BERMAN: In a paper published at the same time in the journal Science, researchers analyzing the honeybee genome report every bee alive today had a common ancestor in Africa. Researchers say the bees spread to Europe in at least two ancient migrations. Also in Science, researchers describe the world's oldest bee fossil. Entomologist Brian Danforth, of Cornell University in New York says the fossil was found in a piece of Burmese amber believed to be 100-million years old, which would have made it an ancient ancestor of today's honeybee.

DANFORTH: "It is a very small bee. It is about three-millimeters long. It does have some of the attributes of modern bees, and some of those attributes are visible in the fossil. So, it has what looks like branched hairs; These are the fluffy hairs that bees have on their legs and all over their bodies that seem to be very good at picking up pollen."

But unlike evolved modern honeybees, Danforth thinks the ancient bee was a solitary creature that lived in the ground.


Finally today, we take a journey with Indian American author and medical doctor Deepak Chopra. Chopra has made a career of answering some of life's hardest questions. In his latest book - Life After Death: The Burden of Proof - he uses scientific studies and ancient wisdom to argue his case for the afterlife.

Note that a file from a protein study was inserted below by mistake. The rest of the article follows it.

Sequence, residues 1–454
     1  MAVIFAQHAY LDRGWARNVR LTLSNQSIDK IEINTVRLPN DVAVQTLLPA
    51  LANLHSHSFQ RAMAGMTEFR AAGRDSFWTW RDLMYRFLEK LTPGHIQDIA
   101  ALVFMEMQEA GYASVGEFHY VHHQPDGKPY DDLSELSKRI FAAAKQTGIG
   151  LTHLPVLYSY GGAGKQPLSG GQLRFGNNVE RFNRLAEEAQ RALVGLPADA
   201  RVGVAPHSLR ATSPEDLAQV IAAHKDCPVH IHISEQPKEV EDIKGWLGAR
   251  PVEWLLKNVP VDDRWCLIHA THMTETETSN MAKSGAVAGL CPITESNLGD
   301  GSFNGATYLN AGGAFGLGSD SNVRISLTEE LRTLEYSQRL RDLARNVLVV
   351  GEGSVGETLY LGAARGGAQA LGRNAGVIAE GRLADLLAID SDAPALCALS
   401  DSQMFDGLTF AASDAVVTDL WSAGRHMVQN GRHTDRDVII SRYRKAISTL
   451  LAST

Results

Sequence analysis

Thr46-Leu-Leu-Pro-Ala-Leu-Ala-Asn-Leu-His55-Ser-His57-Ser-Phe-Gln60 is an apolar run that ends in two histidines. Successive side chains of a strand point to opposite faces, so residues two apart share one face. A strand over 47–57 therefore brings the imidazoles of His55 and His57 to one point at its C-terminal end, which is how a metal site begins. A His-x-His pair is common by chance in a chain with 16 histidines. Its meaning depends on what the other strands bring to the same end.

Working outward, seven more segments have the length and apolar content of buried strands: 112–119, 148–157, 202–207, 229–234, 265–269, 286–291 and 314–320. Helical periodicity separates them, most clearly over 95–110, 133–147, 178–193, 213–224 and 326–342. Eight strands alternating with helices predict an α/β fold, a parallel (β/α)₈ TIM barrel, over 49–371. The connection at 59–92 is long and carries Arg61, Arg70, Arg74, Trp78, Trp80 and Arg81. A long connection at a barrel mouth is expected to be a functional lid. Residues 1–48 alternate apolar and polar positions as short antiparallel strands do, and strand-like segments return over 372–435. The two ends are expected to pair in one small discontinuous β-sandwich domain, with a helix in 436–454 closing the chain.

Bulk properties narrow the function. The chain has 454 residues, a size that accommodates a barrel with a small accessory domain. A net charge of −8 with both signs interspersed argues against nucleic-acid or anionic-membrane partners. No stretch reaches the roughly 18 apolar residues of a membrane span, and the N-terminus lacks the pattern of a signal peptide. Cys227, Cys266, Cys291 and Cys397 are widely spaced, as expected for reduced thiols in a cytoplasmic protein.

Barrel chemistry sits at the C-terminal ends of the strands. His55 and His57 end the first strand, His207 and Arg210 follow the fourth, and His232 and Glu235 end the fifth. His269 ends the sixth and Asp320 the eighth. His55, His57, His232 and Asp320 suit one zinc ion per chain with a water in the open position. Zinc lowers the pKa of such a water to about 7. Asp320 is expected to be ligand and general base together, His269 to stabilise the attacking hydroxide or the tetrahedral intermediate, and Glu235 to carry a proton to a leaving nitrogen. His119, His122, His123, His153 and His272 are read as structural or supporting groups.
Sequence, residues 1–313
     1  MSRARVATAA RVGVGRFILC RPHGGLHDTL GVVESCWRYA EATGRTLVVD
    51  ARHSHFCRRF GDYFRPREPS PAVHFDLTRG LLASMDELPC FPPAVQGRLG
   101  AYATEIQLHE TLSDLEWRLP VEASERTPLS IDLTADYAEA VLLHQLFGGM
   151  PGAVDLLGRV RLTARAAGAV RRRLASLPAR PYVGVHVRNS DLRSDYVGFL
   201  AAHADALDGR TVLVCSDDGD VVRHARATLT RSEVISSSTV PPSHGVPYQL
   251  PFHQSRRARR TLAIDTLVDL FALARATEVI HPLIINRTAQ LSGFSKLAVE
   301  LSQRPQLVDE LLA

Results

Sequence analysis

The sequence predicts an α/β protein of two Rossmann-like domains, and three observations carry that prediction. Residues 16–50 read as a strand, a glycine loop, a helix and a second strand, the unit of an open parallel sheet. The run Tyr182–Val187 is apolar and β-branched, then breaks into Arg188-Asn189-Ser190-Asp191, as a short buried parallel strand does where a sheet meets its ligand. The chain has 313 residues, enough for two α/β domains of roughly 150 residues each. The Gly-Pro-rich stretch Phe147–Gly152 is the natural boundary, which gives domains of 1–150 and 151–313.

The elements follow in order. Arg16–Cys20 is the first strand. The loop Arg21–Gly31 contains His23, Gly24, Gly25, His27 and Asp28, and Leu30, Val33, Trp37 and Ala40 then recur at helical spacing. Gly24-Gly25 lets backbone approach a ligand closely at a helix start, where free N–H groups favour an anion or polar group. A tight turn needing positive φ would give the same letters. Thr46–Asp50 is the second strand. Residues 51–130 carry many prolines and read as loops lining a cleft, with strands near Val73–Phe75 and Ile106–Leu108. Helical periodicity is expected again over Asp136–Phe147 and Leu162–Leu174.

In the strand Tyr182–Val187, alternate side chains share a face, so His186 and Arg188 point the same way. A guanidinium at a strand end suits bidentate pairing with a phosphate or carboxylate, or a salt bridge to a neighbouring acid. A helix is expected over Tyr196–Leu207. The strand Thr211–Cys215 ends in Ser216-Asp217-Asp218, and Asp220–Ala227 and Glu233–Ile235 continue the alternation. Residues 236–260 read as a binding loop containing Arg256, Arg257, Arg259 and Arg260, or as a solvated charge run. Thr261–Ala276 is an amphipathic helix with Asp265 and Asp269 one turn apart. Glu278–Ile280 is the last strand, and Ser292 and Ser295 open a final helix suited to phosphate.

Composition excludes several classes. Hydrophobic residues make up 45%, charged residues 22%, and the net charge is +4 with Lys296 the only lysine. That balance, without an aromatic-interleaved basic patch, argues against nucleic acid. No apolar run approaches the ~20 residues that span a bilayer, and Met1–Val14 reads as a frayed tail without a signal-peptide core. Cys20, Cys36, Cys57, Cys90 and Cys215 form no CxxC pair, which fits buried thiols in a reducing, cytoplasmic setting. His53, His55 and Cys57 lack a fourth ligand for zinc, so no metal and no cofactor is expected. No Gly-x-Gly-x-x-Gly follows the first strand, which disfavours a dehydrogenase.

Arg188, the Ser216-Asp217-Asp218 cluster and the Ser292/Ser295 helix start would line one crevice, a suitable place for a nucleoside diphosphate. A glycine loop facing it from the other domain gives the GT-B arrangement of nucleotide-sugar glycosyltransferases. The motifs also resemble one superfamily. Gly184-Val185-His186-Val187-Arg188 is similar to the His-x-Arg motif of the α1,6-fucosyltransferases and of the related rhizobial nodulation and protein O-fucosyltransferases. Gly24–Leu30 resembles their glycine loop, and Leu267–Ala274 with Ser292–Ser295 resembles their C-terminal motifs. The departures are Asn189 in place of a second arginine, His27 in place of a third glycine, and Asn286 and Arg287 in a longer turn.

Deepak Chopra has no doubts about the afterlife. "The idea that we have a fixed body locked in space and time is a mirage," he says. In Life After Death he writes: "Life's ultimate purpose is to discover who you are. After death, we see more clearly the goals to be attained."

DC: "We are the potential for memory, imagination, thought, feeling, emotions, desires, instincts, [and] drives. This is who we are and this is what projects as a mind, which then projects as a body, which then projects as the world."

RS: "Are you talking about the soul?"

DC: "This is our soul, yes. But the soul is not a thing. It is a process. It is a continuum. It is a dynamic constantly evolving bundle in consciousness."

Chopra takes the reader beyond the Christian concept of heaven or hell. He says the afterlife is fluid and open to infinite creative possibilities. Death, like birth is a miracle. Without it, he says, life would stagnate.